Life without Windows or OS X

GNU/Linux is quite possibly the most important free software achievement since the original Space War, or, more recently, Emacs. It has developed into an operating system for business, education, and personal productivity. GNU/Linux is no longer only for UNIX wizards who sit for hours in front of a glowing console. Are you thinking about switching to Linux and want to learn how to use it? Have you been using GNU/Linux for some time and want to learn even more? This is the place for you.

Thursday, January 05, 2006

Rebelsaid:Open Hardware Manufacturing

I and others enjoy the low cost of Linux OS. One of the most pressing impediments to the growth of desktop Linux is the need for hardware support. Its seems companies don't want to open up their drivers or put large amounts of resources into supporting a small share of the market. However, Desktop Linux's share of the market will be limited until the operating system is more accessible and compatible.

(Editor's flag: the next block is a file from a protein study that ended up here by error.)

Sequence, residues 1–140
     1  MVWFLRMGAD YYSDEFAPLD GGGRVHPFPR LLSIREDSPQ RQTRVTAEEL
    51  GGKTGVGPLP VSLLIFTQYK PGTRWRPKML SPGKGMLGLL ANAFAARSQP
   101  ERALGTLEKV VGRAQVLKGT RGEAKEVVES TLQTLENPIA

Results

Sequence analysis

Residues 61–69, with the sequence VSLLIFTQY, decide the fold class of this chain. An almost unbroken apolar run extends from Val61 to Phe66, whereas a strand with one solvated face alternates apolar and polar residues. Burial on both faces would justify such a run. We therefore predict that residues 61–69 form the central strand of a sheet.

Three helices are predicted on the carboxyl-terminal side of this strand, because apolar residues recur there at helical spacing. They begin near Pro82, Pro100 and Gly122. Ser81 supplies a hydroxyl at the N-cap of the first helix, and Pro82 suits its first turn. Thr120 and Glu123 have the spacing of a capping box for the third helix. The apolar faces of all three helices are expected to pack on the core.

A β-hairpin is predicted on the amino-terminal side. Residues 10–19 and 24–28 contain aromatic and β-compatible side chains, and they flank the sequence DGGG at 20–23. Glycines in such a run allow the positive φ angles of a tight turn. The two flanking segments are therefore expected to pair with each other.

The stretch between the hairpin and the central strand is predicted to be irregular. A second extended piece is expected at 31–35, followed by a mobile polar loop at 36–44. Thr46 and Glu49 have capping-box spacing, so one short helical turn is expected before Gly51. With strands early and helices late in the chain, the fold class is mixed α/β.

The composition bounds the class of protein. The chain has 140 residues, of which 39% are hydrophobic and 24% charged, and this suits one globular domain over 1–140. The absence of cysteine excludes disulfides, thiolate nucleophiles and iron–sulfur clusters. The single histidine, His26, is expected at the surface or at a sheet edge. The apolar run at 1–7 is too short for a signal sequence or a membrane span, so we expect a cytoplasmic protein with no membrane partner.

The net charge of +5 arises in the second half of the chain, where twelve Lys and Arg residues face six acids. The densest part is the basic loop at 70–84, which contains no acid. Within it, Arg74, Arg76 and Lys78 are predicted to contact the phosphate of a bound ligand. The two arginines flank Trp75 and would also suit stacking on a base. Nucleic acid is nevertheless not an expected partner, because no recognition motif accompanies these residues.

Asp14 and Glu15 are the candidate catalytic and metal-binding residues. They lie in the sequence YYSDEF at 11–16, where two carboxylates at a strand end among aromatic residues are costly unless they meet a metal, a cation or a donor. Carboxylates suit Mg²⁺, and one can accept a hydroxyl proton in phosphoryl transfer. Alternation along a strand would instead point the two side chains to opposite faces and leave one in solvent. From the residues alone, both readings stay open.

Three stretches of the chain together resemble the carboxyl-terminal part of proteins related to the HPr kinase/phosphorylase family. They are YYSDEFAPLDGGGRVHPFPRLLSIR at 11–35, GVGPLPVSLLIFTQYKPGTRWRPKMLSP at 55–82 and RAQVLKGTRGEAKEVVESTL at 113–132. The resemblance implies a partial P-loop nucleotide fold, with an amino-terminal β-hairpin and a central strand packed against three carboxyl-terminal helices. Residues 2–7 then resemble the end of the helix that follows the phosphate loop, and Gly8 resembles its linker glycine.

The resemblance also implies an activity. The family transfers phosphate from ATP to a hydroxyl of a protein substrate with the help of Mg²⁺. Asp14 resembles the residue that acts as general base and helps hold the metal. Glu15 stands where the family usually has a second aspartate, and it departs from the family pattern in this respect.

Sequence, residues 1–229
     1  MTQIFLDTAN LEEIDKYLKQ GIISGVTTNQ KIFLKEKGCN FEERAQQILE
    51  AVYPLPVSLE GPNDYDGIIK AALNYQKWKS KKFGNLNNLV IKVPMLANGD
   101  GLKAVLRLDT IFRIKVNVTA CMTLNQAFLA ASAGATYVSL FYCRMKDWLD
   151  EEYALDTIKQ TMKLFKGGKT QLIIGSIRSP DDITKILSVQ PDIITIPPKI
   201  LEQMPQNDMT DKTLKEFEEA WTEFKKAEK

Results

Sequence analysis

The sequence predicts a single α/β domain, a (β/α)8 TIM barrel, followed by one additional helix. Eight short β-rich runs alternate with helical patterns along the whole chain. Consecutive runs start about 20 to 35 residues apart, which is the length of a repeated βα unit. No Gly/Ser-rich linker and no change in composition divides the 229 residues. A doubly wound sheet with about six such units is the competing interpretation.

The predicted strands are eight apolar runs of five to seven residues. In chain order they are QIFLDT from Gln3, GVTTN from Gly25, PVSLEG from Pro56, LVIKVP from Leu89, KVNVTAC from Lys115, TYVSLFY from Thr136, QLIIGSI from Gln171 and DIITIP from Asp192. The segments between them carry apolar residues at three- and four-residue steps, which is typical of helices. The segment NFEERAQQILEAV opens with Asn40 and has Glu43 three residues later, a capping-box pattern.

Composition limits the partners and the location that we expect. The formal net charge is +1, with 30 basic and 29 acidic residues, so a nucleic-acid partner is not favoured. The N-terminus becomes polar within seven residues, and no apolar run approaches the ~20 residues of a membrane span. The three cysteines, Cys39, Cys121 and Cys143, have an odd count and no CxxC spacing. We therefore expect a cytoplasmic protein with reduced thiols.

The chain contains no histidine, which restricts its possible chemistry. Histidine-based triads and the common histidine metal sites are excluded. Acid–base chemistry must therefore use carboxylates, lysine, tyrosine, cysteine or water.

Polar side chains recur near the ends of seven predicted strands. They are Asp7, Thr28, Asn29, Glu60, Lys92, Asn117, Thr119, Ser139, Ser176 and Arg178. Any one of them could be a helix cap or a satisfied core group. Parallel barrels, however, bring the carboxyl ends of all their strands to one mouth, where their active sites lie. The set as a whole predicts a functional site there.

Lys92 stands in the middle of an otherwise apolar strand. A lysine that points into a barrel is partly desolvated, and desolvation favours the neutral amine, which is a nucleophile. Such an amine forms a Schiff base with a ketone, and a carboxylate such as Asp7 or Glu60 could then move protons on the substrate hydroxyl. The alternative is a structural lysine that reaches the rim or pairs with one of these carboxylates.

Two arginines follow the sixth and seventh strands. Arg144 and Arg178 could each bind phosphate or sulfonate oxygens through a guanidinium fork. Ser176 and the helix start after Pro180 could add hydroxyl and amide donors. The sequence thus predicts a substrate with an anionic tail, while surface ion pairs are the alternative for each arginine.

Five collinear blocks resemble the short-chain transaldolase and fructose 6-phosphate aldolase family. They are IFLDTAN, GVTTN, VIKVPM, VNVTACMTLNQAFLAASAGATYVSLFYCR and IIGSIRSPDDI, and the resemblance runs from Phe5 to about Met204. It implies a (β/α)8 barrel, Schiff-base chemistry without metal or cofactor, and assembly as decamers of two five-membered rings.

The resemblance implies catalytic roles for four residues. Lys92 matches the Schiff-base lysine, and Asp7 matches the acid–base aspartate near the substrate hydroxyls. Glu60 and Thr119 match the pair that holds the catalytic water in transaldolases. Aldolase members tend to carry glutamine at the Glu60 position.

The open source software (OSS) initiative has already created a highly productive, globally supported alternative software platform. It was a movement started as a result of the discontent with the proprietary software world. The choice of free applications for Linux is growing all the time. I'm hopeing that a "Open Hardware Manufacturing Initiative" could do the same for hardware support. It could be joined or formed by a few companys that could make it clear not only that desktop Linux is something for everyone but also that it is a financially responsible choice for a seller. As I stated before...Linux has reached a point now where the superior Linux distributions are established enough to replace Microsoft Windows for many users if they desire to do so.

In my way of thinking, an OHM initiative will be a win-win for every one. For manufacturers and vendors who are looking to compete based on price, this is one of the few factors which every buyer would understand that an OHM company will have an appreciable advantage over systems which include the licensing costs of Windows. Every PC sold with Windows XP pre-installed has about a $70 surcharge. Stuff like Linspire-Linux probably has about a $30 surcharge. And let us not forget the included additional software fees, like Microsoft Office.

So I do hope in the new year a few motherboard manufacturers, printer/scanner manufacturers, and modem manufacturers will come together with the common goal of making bigger profits with an emerging platform.


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